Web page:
* Via fax to: 808-832-0584
* Drop off or mail to: 1849 Auiki Street, Honolulu, Hawaii 96819
Oral testimony will be accepted at the meeting. Testifiers must provide a contact phone number if they wish to receive confirmation their testimony has been received.
“It is imperative that interested parties provide testimony either in person or in writing as this will determine the committee’s recommendation to the Board of Agriculture by the end of the month,” said Rep. Clift Tsuji (District 3 – South Hilo, Panaewa, Puna, Keaau, Kurtistown), chairman of the House Committee on Agriculture. “The coffee industry in Hawaii has a history spanning 200 years, and we don’t want to see it collapse because of our inattention to contain or eradicate the coffee berry borer infestation.”
It is unknown at this time how the coffee berry borer will affect Kona coffee yields and quality of the product. The coffee berry borer (Hypothenemus hampei) is considered the world’s most destructive coffee pest. Researchers estimate that the damage caused by the coffee berry borer worldwide is about $500 million per year in a global industry worth $90 billion per year.
Currently, there is no provision in Hawaii Administrative Rules that addresses the coffee berry borer or that restricts movement of coffee relative to this pest. An interim rule may be adopted in the absence of effective rules if a situation is dangerous to public health and safety or if the ecological health of flora and fauna is endangered as to constitute an emergency.
The Plant Quarantine Branch of the DOA has requested the adoption of an interim rule to prohibit the movement of coffee plants, plant parts, unroasted seeds, and used coffee bags out of a quarantine zone in the Kona area of the island of Hawaii, except by permit.
The Advisory Committee on Plants and Animals may accept or amend the request and submit their findings to the Board of Agriculture which is scheduled to meet in late November. The committee may also reject or defer the request.
Violators, under the proposed rule, would be guilty of a misdemeanor and fined not less than $100. The maximum fine would be set at $10,000. The interim rule would be valid for no longer than one year.
FACT SHEET – Coffee Berry Borer

Current Condition:
* The Department of Agriculture has surveyed about 65 sites statewide. Of these sites, 21 are infested with the coffee berry borer.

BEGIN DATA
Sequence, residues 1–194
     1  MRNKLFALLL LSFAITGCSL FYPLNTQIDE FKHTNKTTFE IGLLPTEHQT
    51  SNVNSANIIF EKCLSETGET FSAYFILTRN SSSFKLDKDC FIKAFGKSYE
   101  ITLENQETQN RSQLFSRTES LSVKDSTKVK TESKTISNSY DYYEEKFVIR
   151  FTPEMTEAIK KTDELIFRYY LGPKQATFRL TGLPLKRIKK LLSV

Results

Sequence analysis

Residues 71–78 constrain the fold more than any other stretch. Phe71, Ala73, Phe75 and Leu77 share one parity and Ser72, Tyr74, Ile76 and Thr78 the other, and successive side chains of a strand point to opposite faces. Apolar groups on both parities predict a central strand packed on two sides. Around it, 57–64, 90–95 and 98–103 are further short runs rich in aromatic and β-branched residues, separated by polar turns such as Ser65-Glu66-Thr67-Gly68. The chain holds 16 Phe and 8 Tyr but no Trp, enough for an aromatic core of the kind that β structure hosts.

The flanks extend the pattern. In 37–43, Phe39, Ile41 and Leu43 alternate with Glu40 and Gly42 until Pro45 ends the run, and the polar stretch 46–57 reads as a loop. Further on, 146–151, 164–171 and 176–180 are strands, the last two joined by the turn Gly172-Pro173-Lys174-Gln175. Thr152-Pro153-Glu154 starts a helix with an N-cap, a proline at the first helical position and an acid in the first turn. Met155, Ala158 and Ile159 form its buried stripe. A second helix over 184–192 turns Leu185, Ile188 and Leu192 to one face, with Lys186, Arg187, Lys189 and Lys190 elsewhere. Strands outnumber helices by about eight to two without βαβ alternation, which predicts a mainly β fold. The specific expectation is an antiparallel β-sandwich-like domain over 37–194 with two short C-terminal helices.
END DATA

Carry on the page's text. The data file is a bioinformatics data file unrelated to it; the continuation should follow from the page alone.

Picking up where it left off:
* All infested sites are in the Kona area of the Big Island.
* The infested zone includes the area from mile marker 29 on Highway 190 (Mamalahoa Highway) and mile marker 93 on Hwy 19 (Queen Kaahumanu Highway), south to mile marker 62 on Highway 11, east of Naalehu.
* In addition to the infested zone, the DOA has reports from about 100 individual farms that may be infested.
* The coffee berry borer lays its eggs in the coffee cherry and as the eggs develop into larva, the larva feed inside the coffee bean. The bean may be further damaged by secondary fungal, bacterial and insect infestation. The combined damage can reduce yield, lower the quality and destroy the entire bean.
Eradication/Control Strategy

* There are no chemical insecticides available in Hawaii that can effectively control coffee berry borer. As the pest lives inside the fruit, chemical control strategies are limited.
* While it is difficult to contain the coffee berry borer, even with the establishment of quarantine zones, the dissemination of the contamination can be retarded for many years through improved pest management practices. The pest spreads through human activity.
Coffee in Hawaii

* There are 6,500 acres under cultivation statewide, with annual production running between 6 and 7 million pounds.
* Kona has produced coffee continuously since the early 1800’s and supports nearly 600 independent farms. Farms average 3 acres and only a few have 50 or more acres. Total Kona coffee acreage is more than 2,000 acres, producing more than 2 million pounds in most years.
* Kauai has the largest coffee orchard in Hawaii and in the United States with 3,000 acres in production.
* Maui has several small coffee farms spanning from Kaanapali, the slopes of Haleakala, and an organic farm in Hana. Maui has a total of 500 acres of coffee planted on converted sugar cane lands.
* Oahu has more than 100 acres of coffee in Wahiawa and Waialua.
— Find out more:
http://hawaiihouseblog.blogspot.com/